2. Your high expectations might cost you a proposal.
Not only is a marriage proposal one of the most heavily weighted and highly anticipated questions one human could ever ask another, but now your future fiancé must worry about the size and style of the engagement ring, whether or not to ask for your family’s permission and choosing exactly which words to say. Combine that with fear about your impending answer, and that’s a tall order for stress. It’s possible that any over-the-top expectations about the wedding proposal (like organizing a flash mob, composing an original song, or training a kitten to mew "marry me?") could prolong your wait or put off the proposal altogether.

3. Your proposal story should be unique.
Sure, you could get engaged on a yacht at sunset, or have your name flash up on a jumbotron, but these romantic plays have been overdone and will likely continue to be used in the future. However, I can without a doubt say that no one else will ever be proposed to while wearing my slippers.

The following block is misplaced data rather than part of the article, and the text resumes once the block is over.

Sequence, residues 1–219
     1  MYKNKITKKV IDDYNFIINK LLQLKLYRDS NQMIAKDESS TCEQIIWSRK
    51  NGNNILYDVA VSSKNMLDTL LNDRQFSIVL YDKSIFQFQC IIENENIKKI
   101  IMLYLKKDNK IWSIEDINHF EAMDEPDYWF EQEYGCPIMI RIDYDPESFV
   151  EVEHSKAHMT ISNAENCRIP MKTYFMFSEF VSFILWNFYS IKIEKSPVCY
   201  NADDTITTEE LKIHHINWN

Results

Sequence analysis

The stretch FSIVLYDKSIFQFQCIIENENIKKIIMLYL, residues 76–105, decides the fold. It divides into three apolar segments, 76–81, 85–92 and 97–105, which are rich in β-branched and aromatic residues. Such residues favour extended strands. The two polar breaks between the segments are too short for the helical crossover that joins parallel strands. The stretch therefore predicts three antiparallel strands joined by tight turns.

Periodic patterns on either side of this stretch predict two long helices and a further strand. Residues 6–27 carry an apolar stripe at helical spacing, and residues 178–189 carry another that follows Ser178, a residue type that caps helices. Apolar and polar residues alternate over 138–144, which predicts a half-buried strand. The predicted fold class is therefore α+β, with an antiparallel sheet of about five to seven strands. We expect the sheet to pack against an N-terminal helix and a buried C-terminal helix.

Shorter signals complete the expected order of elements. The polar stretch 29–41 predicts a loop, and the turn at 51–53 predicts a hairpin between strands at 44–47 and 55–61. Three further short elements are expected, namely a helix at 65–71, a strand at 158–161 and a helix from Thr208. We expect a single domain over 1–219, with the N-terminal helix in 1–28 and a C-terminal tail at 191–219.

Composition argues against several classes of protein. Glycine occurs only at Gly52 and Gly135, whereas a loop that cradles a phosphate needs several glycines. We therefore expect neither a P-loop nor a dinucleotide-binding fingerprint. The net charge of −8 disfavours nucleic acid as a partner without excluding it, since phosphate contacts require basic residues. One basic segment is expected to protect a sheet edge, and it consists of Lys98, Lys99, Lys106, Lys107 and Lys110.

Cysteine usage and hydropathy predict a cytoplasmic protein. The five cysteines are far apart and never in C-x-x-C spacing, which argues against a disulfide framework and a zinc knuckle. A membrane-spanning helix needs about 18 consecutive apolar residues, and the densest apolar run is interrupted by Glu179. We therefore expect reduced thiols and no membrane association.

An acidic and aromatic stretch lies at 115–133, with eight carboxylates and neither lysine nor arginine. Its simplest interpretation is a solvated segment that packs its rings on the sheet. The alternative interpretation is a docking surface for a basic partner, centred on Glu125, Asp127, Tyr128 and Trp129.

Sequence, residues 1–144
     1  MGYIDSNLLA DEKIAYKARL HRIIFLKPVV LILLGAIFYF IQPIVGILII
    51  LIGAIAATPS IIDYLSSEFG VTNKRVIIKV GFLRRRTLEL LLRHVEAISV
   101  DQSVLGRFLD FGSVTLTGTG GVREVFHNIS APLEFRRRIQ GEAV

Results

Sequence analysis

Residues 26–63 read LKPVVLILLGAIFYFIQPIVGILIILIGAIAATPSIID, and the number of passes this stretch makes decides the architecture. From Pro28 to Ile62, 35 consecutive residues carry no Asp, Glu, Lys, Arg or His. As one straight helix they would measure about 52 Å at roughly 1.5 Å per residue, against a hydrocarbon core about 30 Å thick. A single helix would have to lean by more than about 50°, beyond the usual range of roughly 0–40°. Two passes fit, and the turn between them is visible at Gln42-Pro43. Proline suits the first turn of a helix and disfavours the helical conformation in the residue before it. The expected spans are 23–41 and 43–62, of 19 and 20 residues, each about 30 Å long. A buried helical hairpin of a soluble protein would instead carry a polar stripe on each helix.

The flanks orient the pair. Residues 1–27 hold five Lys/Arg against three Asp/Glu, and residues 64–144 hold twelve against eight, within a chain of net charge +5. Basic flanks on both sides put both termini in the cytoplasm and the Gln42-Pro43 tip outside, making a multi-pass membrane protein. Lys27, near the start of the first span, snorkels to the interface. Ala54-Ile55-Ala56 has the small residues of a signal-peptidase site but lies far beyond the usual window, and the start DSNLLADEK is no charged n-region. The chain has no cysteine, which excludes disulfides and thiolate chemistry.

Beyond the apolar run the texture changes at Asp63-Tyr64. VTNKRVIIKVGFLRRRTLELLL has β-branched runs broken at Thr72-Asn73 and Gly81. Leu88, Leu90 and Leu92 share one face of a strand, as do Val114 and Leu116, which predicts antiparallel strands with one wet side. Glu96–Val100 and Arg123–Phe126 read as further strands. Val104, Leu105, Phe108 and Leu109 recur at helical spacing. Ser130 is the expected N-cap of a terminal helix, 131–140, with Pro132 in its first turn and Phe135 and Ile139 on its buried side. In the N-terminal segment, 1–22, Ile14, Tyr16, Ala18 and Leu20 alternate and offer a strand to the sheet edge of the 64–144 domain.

4. Marriage doesn’t have an audience.
So neither should your proposal. If you’re more excited about showing off a diamond and posting the perfect engagement selfie, you might want to reconsider what you’re looking for. After the ring starts to lose some of its sparkle and all your friends and family have been notified, you’re left facing the giant task of planning a wedding- and you better hope you’ve got the right partner to tackle it with.

A lot of effort, time and money may go into some of the over-the-top proposals you can find on YouTube, but that doesn’t make them any more significant or unique than a simple, understated story like my own. So let’s stop treating them that way.


Besides, if you think you’re the only person who wants, no- needs to get proposed to in front of Cinderella’s castle, you’re in for a rude awakening. Disney employs staff full time to orchestrate princess-approved proposals that can be chosen from an available list.

As for me, I approve of my own "boring" story.


A Happy Wife